Low, Trust [Rough Trade]
from Time Out London, #1674, 18 - 25 September 2002
It's official. The summer ends on Sunday with the arrival of the autumn equinox. So party hard on Saturday night, sleep it off on Sunday and get yourself to your local record shop first thing on Monday morning to buy this album. Then put away your Ibeefa compilations and your Latin dinner-party conversation makers, because when it comes to soundtracking the dark, dismal nights of a British winter, no one soothes and wallows and reassures like this Minnesotan trio who describe themselves as 'Joy Division meets Simon & Garfunkel'.
'Trust', their typically wonderful sixth album, is a record to lie on the sofa in the dark and stare at the ceiling to, while the rain hits the windows and your soul hits the floor. It's simple music that's extraordinarily powerful. Proof that less is indisputably more. Slow and brooding, sparse and intense, desolate and hypnotic, it's something like the indie equivalent of Gregorian chanting, played out on simple guitar, bass and drums. Perhaps it's their religious background (two thirds of the group are Mormon) but tracks like 'The Lamb', with its urgent medieval drums, aching guitar strum and dark, sorrowful vocals conjur pictures of ancient rituals, while the tender sigh of 'In The Drugs' is at once other-worldly and uplifting. And so it goes on, wrapping you in a warm blanket of gentle, angelic male/female harmonies and snagging melodies, dwelling on a sadness, but somehow easing your pain.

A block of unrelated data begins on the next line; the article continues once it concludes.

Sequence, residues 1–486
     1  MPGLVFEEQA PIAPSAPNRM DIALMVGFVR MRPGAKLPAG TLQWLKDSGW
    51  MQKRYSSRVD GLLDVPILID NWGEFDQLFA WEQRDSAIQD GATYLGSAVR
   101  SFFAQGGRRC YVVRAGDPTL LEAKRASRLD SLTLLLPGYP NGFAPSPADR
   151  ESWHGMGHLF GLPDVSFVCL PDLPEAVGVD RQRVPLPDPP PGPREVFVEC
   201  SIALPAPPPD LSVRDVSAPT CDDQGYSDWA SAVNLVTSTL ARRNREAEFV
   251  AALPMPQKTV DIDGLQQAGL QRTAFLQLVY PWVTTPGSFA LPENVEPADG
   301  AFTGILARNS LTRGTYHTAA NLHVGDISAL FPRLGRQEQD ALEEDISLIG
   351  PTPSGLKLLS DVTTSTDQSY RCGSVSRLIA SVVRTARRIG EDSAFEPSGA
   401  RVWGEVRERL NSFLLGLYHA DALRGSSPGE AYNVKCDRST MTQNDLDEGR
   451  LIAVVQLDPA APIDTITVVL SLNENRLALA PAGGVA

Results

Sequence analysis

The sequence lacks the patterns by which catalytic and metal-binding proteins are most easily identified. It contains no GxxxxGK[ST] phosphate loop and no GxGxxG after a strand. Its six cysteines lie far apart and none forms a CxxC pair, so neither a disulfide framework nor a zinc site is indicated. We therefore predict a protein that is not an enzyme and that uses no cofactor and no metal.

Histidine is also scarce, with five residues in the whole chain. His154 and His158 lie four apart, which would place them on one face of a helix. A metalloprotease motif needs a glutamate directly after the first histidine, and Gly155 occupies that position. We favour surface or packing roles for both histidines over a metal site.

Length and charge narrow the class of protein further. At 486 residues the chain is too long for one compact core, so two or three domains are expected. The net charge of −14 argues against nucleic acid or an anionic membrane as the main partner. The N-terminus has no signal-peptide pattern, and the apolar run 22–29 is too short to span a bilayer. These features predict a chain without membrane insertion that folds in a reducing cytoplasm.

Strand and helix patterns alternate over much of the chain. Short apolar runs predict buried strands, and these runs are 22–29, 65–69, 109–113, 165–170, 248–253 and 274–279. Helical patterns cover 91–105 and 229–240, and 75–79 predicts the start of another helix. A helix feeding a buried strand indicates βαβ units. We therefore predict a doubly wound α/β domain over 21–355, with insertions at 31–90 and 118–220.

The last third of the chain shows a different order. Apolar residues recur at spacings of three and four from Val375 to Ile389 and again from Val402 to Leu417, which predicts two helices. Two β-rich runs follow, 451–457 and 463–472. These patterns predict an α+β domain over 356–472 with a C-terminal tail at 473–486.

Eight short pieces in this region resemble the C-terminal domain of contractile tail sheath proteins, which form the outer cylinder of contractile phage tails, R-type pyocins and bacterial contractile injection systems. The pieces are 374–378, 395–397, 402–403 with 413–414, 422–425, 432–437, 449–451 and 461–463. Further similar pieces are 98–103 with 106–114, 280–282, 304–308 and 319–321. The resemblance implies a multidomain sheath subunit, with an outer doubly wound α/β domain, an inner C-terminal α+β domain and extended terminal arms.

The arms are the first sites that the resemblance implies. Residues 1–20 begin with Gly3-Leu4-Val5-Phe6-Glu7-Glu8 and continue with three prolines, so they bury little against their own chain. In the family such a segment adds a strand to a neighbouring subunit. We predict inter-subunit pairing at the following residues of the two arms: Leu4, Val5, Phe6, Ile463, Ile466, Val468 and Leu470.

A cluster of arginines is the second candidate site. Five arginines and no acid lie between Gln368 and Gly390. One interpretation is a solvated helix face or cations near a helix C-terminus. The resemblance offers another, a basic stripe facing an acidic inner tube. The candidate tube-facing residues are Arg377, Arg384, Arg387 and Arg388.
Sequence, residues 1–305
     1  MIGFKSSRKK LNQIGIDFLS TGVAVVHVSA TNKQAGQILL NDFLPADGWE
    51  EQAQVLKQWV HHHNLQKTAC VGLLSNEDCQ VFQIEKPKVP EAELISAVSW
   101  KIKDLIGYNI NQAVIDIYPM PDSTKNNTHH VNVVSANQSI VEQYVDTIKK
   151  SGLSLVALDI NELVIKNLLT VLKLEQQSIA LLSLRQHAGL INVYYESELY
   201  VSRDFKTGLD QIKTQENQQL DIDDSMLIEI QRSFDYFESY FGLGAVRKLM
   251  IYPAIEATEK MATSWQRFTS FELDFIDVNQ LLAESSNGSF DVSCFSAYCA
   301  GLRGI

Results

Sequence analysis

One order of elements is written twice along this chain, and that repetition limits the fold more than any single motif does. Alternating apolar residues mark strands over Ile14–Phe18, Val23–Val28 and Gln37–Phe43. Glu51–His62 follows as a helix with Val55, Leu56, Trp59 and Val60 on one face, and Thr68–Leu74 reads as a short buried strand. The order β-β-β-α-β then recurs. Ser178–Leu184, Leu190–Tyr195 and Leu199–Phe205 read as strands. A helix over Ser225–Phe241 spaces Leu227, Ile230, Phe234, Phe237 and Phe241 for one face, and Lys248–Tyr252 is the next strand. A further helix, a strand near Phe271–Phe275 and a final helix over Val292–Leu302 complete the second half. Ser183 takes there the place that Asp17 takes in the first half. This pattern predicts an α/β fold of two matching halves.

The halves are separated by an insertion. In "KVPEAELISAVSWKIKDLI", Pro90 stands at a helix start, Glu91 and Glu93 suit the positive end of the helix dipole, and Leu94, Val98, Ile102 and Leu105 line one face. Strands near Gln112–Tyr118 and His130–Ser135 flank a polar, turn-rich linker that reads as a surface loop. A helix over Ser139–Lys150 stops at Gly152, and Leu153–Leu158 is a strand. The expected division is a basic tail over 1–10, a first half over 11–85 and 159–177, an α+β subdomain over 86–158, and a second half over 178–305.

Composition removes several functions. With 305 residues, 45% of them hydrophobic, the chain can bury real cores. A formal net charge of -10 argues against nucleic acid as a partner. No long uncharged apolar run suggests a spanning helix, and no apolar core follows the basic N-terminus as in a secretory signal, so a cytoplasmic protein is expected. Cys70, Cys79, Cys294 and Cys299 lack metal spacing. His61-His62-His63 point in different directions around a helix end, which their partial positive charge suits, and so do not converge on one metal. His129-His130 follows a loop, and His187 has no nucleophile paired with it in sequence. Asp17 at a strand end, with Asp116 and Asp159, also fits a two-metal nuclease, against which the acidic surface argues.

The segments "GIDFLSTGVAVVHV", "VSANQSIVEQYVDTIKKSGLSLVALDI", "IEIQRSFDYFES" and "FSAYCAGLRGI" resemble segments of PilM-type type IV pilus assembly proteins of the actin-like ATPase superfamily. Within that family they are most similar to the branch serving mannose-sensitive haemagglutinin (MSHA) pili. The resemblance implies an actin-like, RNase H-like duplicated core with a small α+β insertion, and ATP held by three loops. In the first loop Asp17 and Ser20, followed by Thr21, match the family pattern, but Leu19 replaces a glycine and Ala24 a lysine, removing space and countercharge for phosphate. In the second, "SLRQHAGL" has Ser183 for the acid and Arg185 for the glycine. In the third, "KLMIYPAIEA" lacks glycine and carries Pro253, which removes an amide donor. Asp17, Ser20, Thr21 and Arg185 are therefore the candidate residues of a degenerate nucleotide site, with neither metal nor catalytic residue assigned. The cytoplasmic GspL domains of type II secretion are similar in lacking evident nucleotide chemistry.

Yes, winter's coming. But don't get SAD. Get Low.
-- Chris Salmon
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